The legal mechanism to hold the city and high-ranking officials liable for Woods' death is called a Monell claim -- after a 1978 U.S. Supreme Court ruling.

The claim in the Woods case alleges San Francisco "has engaged in a pattern and practice of excessive force, failure to discipline and ratification of police misconduct, which proximately caused the police shooting of Mario Woods," according to recent filings in the case.

University of San Francisco law professor Lara Bazelon said Monell claims are typically very hard to prove. But several scandals surrounding the SFPD before and after Woods' death bolster the strategy in this case, she said -- most importantly, Suhr's statements directly following the shooting.

"That actually underscores why this case may be different," Bazelon said. "Chief Suhr presided over a very tumultuous tenure, in which not only were there fatal uses of force by police against people of color under extremely controversial circumstances, there was also the scandal involving racist and homophobic text messages."

Woods' attorneys reference in their arguments the wide-ranging case of racist, homophobic and otherwise inappropriate text messages sent by other officers that came to light in spring of 2015, several months before Woods was shot. The city attempted to fire several of the officers, but that effort was delayed for three years through a legal challenge funded by the police officers union.

In the months after Woods was shot, Suhr and former Mayor Ed Lee requested different types of intervention from the U.S. Department of Justice while the city's Police Commission rewrote SFPD's 20-year-old use-of-force rules. The DOJ's Office of Community Oriented Policing Services eventually conducted a review that found deficiencies throughout the SFPD. That's something else cited in Woods' arguments.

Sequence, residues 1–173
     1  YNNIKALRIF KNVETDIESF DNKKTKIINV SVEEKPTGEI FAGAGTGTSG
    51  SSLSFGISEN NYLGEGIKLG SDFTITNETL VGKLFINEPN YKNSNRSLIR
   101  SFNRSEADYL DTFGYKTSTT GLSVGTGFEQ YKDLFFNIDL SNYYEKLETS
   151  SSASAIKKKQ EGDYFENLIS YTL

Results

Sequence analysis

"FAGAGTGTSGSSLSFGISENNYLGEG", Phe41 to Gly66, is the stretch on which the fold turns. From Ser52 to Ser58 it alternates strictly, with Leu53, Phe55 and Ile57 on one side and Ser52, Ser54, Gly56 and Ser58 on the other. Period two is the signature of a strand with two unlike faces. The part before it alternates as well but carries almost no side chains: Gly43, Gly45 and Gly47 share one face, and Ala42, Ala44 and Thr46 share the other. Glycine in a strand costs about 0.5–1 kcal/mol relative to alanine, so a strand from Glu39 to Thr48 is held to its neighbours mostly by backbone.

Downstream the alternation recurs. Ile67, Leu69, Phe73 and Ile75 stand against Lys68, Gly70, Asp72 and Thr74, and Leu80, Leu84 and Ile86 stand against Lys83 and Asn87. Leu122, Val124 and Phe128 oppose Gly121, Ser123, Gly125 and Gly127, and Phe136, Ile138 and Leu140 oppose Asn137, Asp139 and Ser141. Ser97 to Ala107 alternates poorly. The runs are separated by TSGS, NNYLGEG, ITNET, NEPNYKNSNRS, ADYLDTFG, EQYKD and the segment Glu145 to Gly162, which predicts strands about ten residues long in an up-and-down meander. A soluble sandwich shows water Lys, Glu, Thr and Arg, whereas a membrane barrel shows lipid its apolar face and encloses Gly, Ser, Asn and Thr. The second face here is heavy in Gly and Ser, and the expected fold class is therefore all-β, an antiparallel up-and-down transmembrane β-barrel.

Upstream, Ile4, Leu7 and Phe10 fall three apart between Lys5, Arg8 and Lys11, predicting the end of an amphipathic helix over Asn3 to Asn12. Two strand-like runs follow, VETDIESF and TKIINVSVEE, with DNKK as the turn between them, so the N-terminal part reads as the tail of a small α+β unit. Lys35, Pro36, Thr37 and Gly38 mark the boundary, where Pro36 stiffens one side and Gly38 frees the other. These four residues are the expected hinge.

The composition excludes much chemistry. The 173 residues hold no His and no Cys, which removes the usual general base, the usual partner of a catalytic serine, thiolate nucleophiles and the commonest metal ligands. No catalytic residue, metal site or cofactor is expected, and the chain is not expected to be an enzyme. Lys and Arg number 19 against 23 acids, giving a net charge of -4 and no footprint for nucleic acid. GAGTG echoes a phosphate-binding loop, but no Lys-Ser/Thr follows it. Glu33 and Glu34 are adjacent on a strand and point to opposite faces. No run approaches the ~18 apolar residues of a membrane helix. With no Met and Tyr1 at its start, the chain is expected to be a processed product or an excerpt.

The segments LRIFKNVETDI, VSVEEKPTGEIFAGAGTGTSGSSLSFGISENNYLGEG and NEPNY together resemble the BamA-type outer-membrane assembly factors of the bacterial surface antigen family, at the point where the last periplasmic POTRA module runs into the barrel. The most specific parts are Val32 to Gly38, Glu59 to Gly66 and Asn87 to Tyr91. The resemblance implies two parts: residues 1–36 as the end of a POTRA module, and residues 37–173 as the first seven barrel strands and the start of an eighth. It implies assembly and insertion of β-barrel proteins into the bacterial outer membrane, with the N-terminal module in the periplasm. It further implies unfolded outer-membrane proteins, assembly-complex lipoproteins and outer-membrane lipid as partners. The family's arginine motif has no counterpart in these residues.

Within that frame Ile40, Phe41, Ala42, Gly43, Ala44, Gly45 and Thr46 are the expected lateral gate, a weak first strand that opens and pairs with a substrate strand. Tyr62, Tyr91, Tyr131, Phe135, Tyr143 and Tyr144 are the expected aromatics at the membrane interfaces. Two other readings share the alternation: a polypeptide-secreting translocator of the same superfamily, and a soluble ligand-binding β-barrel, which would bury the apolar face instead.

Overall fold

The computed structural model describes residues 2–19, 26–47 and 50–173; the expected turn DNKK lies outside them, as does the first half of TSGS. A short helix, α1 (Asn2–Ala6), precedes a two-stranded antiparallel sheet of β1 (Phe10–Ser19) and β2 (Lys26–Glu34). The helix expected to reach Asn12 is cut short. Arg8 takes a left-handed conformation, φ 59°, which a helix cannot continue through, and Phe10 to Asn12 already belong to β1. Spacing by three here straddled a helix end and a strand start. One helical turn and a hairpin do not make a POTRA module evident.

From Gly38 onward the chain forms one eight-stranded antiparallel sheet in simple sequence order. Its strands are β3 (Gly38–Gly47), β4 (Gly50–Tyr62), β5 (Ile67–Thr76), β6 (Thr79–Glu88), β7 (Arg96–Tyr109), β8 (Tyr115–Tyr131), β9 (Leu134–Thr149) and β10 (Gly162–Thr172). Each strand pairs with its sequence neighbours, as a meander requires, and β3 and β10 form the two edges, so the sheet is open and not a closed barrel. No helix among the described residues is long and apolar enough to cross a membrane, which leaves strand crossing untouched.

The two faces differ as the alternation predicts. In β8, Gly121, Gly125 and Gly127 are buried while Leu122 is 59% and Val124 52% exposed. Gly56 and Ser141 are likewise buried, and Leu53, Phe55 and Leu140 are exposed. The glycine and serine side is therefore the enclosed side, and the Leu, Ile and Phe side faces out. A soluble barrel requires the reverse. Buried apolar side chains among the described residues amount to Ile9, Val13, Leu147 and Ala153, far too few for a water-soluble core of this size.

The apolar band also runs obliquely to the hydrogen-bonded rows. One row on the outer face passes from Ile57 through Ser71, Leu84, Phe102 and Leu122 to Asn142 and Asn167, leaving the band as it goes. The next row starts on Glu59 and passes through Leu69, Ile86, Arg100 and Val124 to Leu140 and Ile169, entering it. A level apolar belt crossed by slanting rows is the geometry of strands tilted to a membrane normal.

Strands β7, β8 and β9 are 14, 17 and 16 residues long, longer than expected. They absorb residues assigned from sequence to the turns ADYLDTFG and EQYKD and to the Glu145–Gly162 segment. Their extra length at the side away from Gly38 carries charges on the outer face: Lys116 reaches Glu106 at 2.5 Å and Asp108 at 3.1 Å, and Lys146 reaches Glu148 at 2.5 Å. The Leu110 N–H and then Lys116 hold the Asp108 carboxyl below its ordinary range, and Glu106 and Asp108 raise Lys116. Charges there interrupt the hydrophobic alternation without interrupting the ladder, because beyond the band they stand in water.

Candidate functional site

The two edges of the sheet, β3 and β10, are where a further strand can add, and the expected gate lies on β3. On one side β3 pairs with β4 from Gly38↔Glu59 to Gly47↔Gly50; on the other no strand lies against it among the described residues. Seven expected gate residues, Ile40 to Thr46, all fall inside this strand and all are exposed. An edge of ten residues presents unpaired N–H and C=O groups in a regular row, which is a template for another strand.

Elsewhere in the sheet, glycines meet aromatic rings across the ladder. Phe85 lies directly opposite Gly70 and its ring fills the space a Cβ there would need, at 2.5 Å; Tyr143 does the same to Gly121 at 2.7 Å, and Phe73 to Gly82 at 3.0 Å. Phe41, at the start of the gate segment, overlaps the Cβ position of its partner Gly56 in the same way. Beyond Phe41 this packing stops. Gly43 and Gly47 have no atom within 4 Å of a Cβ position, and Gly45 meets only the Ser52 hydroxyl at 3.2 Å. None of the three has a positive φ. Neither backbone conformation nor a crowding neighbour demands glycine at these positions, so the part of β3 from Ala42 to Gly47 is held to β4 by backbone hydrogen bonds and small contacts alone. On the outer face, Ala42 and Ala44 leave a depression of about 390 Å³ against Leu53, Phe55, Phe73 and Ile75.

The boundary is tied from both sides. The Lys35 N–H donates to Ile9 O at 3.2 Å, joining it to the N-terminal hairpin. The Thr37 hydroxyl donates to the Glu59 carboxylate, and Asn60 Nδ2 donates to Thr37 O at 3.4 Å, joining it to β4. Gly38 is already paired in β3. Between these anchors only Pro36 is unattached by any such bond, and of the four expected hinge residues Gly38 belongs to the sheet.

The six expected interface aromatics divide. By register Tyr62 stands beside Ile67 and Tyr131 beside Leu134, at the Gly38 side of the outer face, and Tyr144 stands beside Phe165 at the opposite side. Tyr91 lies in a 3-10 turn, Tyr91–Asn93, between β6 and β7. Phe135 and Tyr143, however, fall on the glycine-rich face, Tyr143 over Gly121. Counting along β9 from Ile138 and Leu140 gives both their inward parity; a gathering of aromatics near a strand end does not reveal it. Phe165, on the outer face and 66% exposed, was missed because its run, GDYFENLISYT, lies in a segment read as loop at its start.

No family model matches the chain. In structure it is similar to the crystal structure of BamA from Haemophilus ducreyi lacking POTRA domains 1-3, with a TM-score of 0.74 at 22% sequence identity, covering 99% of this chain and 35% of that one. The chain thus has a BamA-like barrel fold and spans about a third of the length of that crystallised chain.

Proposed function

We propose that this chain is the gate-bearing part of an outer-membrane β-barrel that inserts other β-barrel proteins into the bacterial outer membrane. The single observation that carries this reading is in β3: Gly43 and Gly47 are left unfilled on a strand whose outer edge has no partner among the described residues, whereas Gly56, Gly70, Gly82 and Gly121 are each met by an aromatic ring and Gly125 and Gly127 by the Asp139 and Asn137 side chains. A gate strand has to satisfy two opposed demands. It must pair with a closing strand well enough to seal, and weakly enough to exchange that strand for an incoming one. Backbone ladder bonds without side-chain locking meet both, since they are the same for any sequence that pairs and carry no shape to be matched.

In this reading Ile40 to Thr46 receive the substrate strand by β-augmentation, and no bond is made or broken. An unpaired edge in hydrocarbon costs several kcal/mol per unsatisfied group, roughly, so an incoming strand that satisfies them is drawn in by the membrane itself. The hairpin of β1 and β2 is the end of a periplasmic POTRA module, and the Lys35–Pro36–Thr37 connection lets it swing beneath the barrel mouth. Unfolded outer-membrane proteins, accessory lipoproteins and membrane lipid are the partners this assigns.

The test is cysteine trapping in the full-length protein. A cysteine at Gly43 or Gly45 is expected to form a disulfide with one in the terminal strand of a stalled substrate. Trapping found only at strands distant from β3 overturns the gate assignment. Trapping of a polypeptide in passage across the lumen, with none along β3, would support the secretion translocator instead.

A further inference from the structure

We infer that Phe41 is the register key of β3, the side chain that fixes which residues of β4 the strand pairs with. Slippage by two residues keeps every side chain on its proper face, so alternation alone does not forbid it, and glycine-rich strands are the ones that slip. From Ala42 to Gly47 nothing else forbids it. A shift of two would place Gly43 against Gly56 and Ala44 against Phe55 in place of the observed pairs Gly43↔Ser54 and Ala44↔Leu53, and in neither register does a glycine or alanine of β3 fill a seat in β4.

"The Monell claim in this case is frivolous and should be dismissed," city attorney's spokesman Coté said via email. "The San Francisco Police Department’s policies and practices have long conformed to constitutional standards. That has been proven in case after case for years. Changing a policy is not an indication it was unconstitutional."

There are indications that federal Judge William Orrick is not as dismissive of Woods' Monell claim as the city attorney's office is: He has already allowed it to continue as part of the overall case instead of granting the city's request to split it off and address potential liability of city officials only if the officers' conduct is found to have violated Woods' constitutional rights.

Surprisingly, at least a part of the city attorney's office and Woods' attorneys agree on one issue: Both sides want the district attorney's case file on his investigation into the shooting. Represented by another part of the city attorney's office, Gascón objected.

"The parties are presently meeting and conferring with counsel for the district attorney, but anticipate the issue will require court intervention," a recent case management statement says.

USF's Bazelon said Woods' Monell claim "raises an extremely important issue."

"[It] makes a big difference in terms of what we as the public get to know about how our police officers are responding in situations like this, which are fraught and complicated and where lives are on the line," she said. "If you get Greg Suhr on the witness stand in a trial, that opens up a public reckoning that we wouldn’t otherwise ever have, certainly not under the criminal justice system given that there is not going to be a prosecution in this case and likely any of the others."

Both parties are scheduled soon to file further briefs about the Suhr and Gascón depositions, as well as other disputes in the case. If Orrick doesn't rule based on the filings, the parties are scheduled for a hearing on June 28.